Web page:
Grape Seedlings

I have some volunteer grapes starting from a pile of seed I dumped last fall. Are they worth saving?
Add pictures here
<% if( /^image/.test(type) ){ %>
<% } %>
<%-name%>
Add image file
Upload
Pat Keith wrote:

This depends on the variety of the grape. If the seeds were from Concord, Catawba, or other American varieties, they can grow quite well. If they were from a European variety, they are highly susceptable to a root disease that will eventually kill the plant. European grapes are grafted onto American rootstock, even in Europe.
Note that you might not get exactly the same fruit as the parent. I don't know if grapes bread true from seed. The usual method of propagation of American grapes is through cuttings and of European grapes is through grafting onto rooted American cuttings.
--

David E. Ross
<http://www.rossde.com/
  Click to see the full signature.
Add pictures here
<% if( /^image/.test(type) ){ %>
<% } %>
<%-name%>
Add image file
Upload

Since you mentoin europe, the reason for grafting you imply is probably Phylloxera. Variables such as clay, sand, moisture affect the insect's lifecycle and spread. (i may have read that elswhere than in the textbook linked below.)
I strongly doubt that mass retail (walmart, home depot) grapes are grafted. But if so, you'd see the graft when buying the plant.
AFAIK, all amer and hyb are susceptible to phylloxera. even most (all?) of the 'resistant' rootstocks have been damaged by phylloxera in some vineyard conditions. but this is economically irrelevant for homeowners.

European cvs grow very readily from winter cuttings in decent soil or mix. American and hybrids vary in ease. muscadines are quite different.
To answer the OP question, "Are they worth saving?": the seedlings will differ from the parent, i.e., usually 'inferior'. However, ALL PLANT CULTIVARS ORIGINATE AS SEEDLINGS (though a few cultivars originate as mutations from existing similar cultivars) so grow the seedlings if/where you have space and water. Never baby them, because 'abusable' cvs are the most valuable. If they get badly diseased or big_before_flowering, nub them off (at the ground).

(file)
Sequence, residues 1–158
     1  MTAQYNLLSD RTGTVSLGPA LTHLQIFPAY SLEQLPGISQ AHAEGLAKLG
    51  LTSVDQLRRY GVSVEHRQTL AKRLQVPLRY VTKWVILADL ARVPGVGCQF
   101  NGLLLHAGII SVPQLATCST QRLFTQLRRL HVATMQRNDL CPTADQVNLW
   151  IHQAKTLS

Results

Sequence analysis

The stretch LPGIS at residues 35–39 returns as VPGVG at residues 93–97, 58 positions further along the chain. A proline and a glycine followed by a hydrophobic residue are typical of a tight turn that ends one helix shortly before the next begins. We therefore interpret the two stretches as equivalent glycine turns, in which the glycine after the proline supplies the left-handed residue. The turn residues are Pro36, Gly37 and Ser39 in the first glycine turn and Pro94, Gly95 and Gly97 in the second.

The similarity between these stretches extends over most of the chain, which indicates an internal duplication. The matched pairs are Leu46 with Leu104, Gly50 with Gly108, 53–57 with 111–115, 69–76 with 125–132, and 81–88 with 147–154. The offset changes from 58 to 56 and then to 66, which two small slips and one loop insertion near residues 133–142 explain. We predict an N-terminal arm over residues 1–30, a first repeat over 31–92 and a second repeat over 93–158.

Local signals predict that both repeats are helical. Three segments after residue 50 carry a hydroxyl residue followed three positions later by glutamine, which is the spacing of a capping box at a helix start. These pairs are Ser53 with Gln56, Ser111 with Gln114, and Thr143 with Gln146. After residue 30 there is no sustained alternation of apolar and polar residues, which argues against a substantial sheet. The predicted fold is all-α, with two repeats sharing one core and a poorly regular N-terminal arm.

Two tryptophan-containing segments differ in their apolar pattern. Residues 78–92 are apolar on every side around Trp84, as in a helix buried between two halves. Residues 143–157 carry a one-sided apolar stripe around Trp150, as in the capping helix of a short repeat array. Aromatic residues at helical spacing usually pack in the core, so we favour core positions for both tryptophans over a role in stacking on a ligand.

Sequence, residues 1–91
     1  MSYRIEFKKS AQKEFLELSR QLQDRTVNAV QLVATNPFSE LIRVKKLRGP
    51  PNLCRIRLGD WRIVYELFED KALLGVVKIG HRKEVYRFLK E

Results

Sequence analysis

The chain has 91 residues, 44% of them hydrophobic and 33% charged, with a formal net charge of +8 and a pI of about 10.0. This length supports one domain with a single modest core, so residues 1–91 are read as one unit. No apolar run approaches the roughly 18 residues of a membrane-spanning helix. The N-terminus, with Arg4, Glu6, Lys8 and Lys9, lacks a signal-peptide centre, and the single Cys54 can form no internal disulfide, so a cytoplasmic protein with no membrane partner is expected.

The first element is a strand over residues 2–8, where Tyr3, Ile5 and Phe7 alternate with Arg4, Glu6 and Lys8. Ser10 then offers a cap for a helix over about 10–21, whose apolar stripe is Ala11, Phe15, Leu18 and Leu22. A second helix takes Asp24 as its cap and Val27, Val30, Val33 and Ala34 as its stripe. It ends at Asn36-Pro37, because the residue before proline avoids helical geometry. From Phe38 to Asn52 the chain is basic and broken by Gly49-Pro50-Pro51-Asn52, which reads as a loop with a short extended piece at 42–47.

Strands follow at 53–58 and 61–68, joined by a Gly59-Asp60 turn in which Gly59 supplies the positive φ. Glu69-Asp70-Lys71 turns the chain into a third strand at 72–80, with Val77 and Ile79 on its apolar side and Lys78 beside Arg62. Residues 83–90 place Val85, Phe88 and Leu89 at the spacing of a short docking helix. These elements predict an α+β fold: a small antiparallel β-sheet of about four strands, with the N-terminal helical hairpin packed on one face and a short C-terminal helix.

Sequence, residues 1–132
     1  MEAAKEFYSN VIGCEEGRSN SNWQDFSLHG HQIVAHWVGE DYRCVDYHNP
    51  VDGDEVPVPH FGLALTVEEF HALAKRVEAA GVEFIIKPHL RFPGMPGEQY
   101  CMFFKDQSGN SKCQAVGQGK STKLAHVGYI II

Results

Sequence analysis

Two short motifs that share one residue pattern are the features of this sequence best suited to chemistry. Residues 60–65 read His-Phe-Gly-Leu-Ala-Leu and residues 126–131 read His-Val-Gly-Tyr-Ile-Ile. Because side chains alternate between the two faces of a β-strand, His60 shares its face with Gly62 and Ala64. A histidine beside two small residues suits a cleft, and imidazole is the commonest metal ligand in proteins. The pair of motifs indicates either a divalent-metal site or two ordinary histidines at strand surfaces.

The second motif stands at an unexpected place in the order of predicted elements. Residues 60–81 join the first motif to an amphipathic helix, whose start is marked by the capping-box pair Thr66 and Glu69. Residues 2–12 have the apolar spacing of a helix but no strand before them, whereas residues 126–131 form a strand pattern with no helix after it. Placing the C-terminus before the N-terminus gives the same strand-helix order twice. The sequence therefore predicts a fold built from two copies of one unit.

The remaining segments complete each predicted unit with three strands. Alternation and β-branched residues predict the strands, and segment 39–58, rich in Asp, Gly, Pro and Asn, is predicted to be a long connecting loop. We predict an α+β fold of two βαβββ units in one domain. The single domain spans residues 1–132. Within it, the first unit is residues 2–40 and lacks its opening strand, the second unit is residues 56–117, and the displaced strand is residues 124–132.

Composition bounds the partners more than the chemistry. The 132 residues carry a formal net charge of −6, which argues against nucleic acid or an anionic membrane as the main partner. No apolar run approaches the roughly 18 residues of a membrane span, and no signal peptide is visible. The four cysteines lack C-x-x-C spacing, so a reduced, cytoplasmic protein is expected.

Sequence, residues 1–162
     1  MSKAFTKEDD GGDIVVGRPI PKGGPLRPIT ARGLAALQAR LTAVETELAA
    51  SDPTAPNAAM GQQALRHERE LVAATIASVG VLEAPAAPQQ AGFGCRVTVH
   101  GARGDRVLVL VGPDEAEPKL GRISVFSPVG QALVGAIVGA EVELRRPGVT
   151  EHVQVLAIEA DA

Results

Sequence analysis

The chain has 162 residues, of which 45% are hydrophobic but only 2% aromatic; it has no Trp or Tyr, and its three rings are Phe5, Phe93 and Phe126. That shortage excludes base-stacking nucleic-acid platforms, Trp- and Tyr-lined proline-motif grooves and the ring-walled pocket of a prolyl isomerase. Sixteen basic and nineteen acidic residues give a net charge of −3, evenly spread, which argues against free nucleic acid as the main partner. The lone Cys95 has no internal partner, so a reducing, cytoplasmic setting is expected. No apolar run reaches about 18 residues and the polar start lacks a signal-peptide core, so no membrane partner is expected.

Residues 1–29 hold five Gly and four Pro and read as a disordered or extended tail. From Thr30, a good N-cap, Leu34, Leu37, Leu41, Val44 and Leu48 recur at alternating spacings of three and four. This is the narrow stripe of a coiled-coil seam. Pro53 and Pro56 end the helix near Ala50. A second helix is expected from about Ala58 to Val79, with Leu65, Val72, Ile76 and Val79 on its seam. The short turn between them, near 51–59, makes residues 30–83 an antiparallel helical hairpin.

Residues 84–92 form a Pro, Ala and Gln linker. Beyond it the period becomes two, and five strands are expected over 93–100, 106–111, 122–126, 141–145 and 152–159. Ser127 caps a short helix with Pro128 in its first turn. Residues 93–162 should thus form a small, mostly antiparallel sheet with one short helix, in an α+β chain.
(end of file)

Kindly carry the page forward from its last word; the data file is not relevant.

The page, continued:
Selection strategies for 'compact' or 'dwarf' cvs are more.. um. complex. :-)
------------ see the easier reading textbooks at your library such as http://www.google.com/search?hl=en&ie=UTF-8&q=general+viticulture&spell=1 that outline training etc. etc. etc. ------------
http://www.google.com/search?hl=en&lr=&ie=UTF-8 &q=phylloxera+nematode+ipm+Grape+%7C+vitis ------------
http://www.winepros.org/wine101/viniculture.htm
http://www.uga.edu/fruit/grape.htm ------------
check the coop ext web pages of states in your area. diverse and regional cvs:
http://www.google.com/search?hl=en&lr=&ie=UTF-8&q=texas+Grape +% 7C+vitis+Munson&btnG=Search
http://www.google.com/search?sourceid=navclient&q=site:lists%2Eibiblio % 2Eorg+Grape+%7C+vitis+%7C+swensen%27s
http://www.google.com/search?hl=en&lr=&ie=UTF-8&q=site % 3Alists.ibiblio.org+Grape+%7C+vitis++minnesota+
Add pictures here
<% if( /^image/.test(type) ){ %>
<% } %>
<%-name%>
Add image file
Upload

HomeOwnersHub.com is a website for homeowners and building and maintenance pros. It is not affiliated with any of the manufacturers or service providers discussed here. All logos and trade names are the property of their respective owners.